Fewer things are more exciting in cricket than a fast bowler who is sending down thunderbolts. Lahiru Kumara has been the latest sensation to consistently clock 150kmph. He generates raw pace.
Kumara always had pace but now he has control too and that is what is making him deadly. During the first innings of the second Test in Karachi, he was on a hat-trick and nearly claimed a five-wicket haul. There is little doubt that we will hear more of Kumara. Just 22 years old, there is a good chance that Kumara could go onto become the fastest bowler in the world.
Kumara rose to prominence when the Sri Lanka Under-19s won a series in England. He was fast tracked into the senior side aged 19 and claimed a six-wicket haul in the first innings of the Cape Town Test in 2017. His victims included Hashim Amla, J.P. Duminy and Quinton De Kock. But since then, his progress has been held back.
Early this year, after bowling impressive spells at the Gabba, he broke down, having hurt his hamstring and missed the Canberra Test. The injury ruled him out for several months as he missed the tour of South Africa, the World Cup and the home series against New Zealand. There had been self-inflicted damage before that as he was sent home on the eve of the Galle Test against England on disciplinary grounds. It was said that he had broken team curfew. Now that he has made a comeback, the team management will be hoping that he keeps bowling those probing spells on a consistent basis.
Injuries have been the bane of many a Sri Lankan fast bowler. Never have the selectors been able to field their full strength side due to injuries. While former fast bowling great Chaminda Vaas has pointed out that excessive cricket is the main reason for bowlers to break down regularly, there are also other aspects to this long litany of injuries.
Vaas himself during his stellar career that spanned for 17 years, missed just one tour. A back injury ruled him out of the tour of England in 1998 when Sri Lanka won their maiden Test match in England and won a tri-nation series involving South Africa and the hosts. The left-arm seamer gave a high priority to fitness and worked unbelievably hard to stay on top of his game. The manner in which he managed his career where he played over 100 Test matches and 300 ODIs is exemplary. His time was not just limited to Sri Lanka. He practiced his trade for more than a decade in county cricket, representing four different counties – Hampshire, Middlesex, Worcestershire and Northamptonshire.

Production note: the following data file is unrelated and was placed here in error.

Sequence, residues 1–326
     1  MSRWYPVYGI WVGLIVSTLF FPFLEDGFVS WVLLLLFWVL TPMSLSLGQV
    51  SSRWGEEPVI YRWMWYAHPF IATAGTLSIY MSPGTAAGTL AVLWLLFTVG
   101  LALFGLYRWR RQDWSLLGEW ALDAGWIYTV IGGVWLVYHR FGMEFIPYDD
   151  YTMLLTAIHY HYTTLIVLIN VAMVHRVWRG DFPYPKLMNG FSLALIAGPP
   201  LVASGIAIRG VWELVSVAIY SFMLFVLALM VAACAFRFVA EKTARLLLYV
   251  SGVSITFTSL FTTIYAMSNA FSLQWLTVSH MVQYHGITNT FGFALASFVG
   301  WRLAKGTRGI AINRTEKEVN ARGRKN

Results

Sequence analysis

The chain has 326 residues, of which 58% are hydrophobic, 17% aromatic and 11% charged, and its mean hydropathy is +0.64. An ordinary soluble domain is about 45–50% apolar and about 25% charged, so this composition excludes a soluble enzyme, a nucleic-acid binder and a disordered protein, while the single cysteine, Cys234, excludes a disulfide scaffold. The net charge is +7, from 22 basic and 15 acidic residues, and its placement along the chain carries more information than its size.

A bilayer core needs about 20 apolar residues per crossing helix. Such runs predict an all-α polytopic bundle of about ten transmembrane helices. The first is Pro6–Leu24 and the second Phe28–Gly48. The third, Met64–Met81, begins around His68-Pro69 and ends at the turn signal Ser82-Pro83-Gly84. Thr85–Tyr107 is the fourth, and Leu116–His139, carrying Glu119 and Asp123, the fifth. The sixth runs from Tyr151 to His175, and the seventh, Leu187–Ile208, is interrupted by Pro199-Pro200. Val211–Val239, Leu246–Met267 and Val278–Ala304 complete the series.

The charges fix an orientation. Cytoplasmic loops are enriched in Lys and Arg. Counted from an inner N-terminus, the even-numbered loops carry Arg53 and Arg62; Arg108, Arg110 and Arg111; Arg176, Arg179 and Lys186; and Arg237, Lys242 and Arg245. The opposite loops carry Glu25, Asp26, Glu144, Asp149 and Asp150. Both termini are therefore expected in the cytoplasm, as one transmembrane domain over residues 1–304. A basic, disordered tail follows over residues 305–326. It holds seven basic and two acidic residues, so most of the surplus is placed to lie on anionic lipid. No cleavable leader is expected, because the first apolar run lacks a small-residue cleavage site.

The other aspect is that we lack a system where our fast bowlers are properly managed. We need to take a leaf out of BCCI. India has managed their players so well, giving them well deserved breaks so that they can field full strength teams for important series.
Sri Lanka’s support staff usually have been excellent over the years but there had been gray areas in physiotherapy and that is partly one reason for so many injuries. Take the case of Dhammika Prasad. He had a breakthrough year in 2015 having taken 41 wickets at 24 in the calendar year. He was emerging as the leading fast bowler of the side when he suffered a back injury. There were serious errors in his rehabilitation and since 2015, he is yet to play any form of international cricket.
Another growing trend in world cricket is premier fast bowlers are quitting Test cricket in order to prolong their careers and make most of the rewards in various T-20 leagues. Playing leagues has become more lucrative than playing the longer version of the game. Pakistan have suffered most with both Wahab Riaz and Mohammad Amir quitting Tests in quick succession.
What administrators can do to encourage players to remain in Test cricket is to obviously raise the match fees for the longer format of the game. The match fee of an Indian Test cricketer is three times more than that of a Sri Lankan. This can be an incentive for players not to stay out of Test cricket. The World Test Championship that was introduced early this year can be another incentive for players not to turn their backs on Test cricket.
Administrators need to not only look after exciting talents like Lahiru Kumara but even those who spot their skills like Sampath Perera.
Kumara learned the basics of cricket at Sri Sumangala Vidyalaya in Kandy under Ranjith Colombage. It was Sampath Perera who spotted his talent and offered him a scholarship to Trinity.
Kumara is not the only player that Perera has produced and his cricket teams at Trinity rewrote history books. Exodus of the best talented or brain drain has been something that has affected the country massively and cricket is no different.